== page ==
Zilberman Gallery is proud to announce Erinç Seymen's solo exhibition “Homo Fragilis”. The artist's first solo exhibition at Zilberman Gallery is on show from September 13 to November 4, 2017 at the gallery's main exhibition space in Mısır Apartmanı, Istanbul.
The title “Homo Fragilis”, meaning "fragile man" in Latin, was chosen to investigate the idea of safe symbiosis and promises of prosperity through the essential ties of family and ownership. The exhibition facilitates a debate on the social destiny of a person who has to choose between the sheltered route of coexistence and property accumulation, and the challenges and risks of survival on their own. The transformation of luxury into needs and needs into luxury is like a rampant spirit haunting the show.
In Seymen’s works, figures emerging either in veiled / metamorphosed shape or as single limb are the subjects of the two extremes of a social security chart: within the exhibition space redesigned and transformed into a dim corridor by the artist himself, the most privileged (“Family Values 1”, “Three Sisters”, “Comfort Zone A”, “Phantom Limb”) and the most precarious subjects (“The Involuntary”, “Holy Process”, “Untitled”, “The Guest”) are put face to face with one another. These encounters create a space for the possibility of reversing one’s social status.
Parallel to his previous solo exhibitions, Seymen experimented with painting, drawings, video, sculptures, sound and other media for Homo Fragilis. Here, man-made objects appear to exhibit human behavior and their own will, at times even competing with human willpower (“The Volunteer”, “The Meeting”, “The Worrying Mansion”, “Perpetuum Mobile”). These objects, which the artist chose to approach with the meticulousness of portraiture, evaluate, worry, and make decisions.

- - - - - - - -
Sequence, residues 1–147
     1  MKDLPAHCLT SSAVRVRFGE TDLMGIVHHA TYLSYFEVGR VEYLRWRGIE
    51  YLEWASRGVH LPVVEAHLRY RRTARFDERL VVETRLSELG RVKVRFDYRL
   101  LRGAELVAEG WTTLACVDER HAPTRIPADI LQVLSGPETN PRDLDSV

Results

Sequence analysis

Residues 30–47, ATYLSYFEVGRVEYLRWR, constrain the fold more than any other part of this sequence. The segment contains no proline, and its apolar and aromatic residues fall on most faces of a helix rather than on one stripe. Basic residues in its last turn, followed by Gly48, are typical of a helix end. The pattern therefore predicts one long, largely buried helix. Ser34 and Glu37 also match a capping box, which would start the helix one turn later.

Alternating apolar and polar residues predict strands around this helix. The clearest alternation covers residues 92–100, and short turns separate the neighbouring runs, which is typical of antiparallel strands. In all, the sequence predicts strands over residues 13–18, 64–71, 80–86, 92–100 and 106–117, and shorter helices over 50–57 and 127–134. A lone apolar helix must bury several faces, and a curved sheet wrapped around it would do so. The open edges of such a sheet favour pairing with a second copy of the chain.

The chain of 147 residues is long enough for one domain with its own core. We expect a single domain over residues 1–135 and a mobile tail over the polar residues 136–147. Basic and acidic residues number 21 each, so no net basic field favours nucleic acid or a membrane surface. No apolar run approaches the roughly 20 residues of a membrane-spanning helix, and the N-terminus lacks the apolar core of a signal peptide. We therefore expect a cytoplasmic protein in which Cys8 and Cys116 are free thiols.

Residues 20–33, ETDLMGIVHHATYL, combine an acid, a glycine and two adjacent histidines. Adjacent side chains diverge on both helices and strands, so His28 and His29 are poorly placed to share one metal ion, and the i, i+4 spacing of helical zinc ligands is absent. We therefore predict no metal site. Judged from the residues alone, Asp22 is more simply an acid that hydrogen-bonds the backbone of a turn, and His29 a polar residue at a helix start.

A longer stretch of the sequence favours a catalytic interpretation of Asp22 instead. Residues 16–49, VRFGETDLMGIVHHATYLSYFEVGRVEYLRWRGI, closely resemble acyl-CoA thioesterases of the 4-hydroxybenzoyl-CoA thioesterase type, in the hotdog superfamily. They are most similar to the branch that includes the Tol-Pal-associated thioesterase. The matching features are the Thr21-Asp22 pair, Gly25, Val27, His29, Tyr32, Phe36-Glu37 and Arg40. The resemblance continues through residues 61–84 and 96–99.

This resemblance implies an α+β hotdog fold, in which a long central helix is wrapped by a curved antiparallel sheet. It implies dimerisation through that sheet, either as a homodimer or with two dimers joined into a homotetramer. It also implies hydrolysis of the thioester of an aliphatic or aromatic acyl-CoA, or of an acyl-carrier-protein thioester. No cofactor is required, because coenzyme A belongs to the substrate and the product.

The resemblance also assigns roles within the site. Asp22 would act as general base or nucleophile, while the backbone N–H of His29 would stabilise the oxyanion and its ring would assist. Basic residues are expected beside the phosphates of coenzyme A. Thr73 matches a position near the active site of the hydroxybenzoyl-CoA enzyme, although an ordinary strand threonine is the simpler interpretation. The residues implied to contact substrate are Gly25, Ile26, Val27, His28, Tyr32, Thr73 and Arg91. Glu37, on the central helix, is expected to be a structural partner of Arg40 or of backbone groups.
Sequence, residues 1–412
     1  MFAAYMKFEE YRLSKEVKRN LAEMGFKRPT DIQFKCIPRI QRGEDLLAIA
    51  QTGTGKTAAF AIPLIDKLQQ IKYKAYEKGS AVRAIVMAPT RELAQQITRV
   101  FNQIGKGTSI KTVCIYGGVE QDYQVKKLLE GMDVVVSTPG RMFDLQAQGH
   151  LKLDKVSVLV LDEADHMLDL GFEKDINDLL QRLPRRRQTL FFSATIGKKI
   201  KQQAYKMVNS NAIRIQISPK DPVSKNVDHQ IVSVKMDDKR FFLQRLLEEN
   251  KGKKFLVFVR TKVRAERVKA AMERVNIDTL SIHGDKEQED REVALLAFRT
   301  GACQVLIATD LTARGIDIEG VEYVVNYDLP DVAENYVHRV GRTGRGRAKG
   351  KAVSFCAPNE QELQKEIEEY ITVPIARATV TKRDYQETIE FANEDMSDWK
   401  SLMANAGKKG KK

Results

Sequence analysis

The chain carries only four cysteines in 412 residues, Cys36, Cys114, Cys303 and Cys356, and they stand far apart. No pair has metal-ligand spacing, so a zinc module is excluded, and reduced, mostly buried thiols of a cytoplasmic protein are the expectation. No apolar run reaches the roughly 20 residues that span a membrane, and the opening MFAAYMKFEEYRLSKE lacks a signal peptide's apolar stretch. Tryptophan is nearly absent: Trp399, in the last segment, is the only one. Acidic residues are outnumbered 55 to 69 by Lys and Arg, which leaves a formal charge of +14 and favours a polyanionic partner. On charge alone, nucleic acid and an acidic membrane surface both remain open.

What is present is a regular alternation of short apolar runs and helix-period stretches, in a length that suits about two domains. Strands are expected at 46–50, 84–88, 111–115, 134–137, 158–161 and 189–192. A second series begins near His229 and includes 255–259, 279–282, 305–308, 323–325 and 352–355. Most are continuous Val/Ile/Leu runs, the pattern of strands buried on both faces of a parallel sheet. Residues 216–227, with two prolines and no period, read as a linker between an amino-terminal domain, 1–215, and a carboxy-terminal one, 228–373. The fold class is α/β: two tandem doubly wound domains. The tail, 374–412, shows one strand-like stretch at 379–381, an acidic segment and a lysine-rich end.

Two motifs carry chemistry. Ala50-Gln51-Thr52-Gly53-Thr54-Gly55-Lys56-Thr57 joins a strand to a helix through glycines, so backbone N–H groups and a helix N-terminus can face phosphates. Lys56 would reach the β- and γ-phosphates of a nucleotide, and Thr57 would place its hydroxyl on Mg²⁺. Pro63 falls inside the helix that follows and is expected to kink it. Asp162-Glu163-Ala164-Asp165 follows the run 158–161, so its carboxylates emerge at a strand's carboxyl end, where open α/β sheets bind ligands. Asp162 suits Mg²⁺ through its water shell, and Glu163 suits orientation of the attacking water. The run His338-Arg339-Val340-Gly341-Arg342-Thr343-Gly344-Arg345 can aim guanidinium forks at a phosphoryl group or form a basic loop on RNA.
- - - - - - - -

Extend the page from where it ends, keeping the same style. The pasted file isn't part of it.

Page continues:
Within the exhibition, hetero-patriarchy (“Sorcerer’s Wife”, “Homo Fragilis”) and colonialism (“Sketches for a Paradise”), appear as the two driving forces and collaborators of capitalism. In this function, they permit to address the system of ownership by moving between the familial scale and the societal scale.
Family imitates society, and society imitates family; in an instance equal sharing and solidarity proposals can be replaced by a deep inequality and systematic exploitation, common interests can easily become overridden by individual interests in both areas of life.
Erinç Seymen (1980, Istanbul) graduated from Mimar Sinan University’s Painting Department. In 2006, he received his master's degree from Yıldız Technical University’s Faculty of Art and Design for his thesis on Bob Flanagan. He participated in various conferences on topics such as militarism, codes of sexual orientation, gender, class identity and nationalism. His writings have been published in magazines such as Siyahi and Kaos GL. Since 2002, he has held solo exhibitions in Istanbul, Ankara, Vienna, Paris, London, Helsinki, Lisbon and Eindhoven and participated in several group exhibitions.